Network Dynamic Single Unit Fear Conditioning Associative Memory Recording Session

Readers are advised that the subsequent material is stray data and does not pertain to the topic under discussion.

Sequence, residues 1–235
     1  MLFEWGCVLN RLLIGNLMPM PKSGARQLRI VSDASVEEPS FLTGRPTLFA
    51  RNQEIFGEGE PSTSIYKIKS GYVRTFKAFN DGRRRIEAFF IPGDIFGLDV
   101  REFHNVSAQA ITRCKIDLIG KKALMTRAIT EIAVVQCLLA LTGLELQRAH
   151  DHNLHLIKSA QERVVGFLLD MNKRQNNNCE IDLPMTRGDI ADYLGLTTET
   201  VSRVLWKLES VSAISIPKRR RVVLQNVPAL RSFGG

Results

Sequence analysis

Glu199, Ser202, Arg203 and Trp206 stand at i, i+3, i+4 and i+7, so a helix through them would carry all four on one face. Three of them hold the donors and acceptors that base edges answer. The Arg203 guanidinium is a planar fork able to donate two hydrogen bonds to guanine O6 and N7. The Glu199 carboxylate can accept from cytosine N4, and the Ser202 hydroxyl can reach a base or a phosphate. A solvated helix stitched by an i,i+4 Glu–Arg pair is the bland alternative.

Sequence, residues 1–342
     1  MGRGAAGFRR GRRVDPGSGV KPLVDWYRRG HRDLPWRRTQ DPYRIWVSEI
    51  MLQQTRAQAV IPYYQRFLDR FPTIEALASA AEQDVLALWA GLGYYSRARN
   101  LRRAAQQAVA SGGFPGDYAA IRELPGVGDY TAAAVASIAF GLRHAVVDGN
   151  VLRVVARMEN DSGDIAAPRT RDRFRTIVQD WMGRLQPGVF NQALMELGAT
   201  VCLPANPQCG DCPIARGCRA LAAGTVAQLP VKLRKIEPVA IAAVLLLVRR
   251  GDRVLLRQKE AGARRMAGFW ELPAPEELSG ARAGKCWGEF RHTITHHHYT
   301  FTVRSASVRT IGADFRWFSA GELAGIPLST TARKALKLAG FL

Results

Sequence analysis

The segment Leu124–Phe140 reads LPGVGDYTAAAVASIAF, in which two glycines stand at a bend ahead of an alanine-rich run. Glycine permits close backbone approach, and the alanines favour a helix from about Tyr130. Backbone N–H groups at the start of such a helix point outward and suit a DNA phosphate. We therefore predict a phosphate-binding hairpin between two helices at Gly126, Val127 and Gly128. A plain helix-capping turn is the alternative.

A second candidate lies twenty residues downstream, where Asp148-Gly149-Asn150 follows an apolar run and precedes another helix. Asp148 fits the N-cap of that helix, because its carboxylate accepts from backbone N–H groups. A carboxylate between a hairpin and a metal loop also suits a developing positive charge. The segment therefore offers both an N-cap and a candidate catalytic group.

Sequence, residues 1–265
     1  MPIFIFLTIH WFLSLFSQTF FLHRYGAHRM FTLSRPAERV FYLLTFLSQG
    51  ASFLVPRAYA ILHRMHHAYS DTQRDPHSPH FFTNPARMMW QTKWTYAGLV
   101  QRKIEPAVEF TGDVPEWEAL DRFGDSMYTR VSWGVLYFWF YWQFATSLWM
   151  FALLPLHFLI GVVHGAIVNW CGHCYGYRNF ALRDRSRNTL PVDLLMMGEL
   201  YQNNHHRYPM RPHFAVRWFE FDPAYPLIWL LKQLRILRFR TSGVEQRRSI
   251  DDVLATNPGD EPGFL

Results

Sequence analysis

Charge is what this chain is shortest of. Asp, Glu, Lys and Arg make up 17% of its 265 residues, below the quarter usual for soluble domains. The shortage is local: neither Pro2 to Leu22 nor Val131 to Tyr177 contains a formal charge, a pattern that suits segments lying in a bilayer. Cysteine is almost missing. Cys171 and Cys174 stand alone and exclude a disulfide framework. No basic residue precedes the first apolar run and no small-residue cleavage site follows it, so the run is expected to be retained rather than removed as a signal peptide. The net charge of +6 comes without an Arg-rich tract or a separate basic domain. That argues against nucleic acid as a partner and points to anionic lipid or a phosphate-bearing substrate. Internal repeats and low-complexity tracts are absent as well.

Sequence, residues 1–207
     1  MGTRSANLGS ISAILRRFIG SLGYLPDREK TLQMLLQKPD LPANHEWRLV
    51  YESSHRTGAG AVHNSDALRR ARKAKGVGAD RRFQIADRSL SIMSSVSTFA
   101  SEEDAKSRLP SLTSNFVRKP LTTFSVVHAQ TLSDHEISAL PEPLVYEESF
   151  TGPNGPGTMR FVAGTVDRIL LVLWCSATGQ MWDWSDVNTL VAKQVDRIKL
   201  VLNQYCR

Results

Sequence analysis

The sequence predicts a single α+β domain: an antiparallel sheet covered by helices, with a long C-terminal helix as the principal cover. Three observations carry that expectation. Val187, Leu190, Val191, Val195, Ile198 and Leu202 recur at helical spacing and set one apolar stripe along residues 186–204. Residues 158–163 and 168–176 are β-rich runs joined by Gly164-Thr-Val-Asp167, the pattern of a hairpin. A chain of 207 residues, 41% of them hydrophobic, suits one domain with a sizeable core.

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Auditory fear conditioning is a widely used paradigm to study the physiology of associative memory. Based on this model the co-activation of aversive and sensory inputs converging onto neurons of the lateral amygdala is proposed to induce synaptic plasticity that supports fear learning. However, amygdala neurons’ activity entrained by auditory stimulation and the potential ensuing network dynamics remain unexplored. In this study, male Sprague-Dawley rats (n=4) were implanted with 8 tetrodes targeting the lateral amygdala. A screening period started a week after surgery and consisted of repeated presentation of tones at different frequencies (3 to 12 KHz). Z-scored peristimulus-time-histograms were used to analyze the responses of single units to the tones (bins: 20ms; 500ms baseline; p<0.01). We found that half of the tone-responsive cells (n=50) responded to only one frequency whereas the remaining cells responded to up to 8 frequencies. Despite the use of a broad range of frequencies, overlapping the peak sensitivity of the rat audiogram, we did not find a preferential response to one frequency based on the number of responsive cells or the response amplitude. Only 30% of frequency responses, per unit, were observed consistently between recording sessions. We used gravitational clustering  to study network dynamics in groups of units recorded concurrently in lateral amygdala (Figure 1). Significant interactions were identified using Monte Carlo simulation. This analysis of small networks showed that response coupling between neurons increased transiently during tone presentation independent of frequency (one-way ANOVA, p<0.01). These results indicate that networks of neurons rather than any single unit represent frequency responses in the amygdala.
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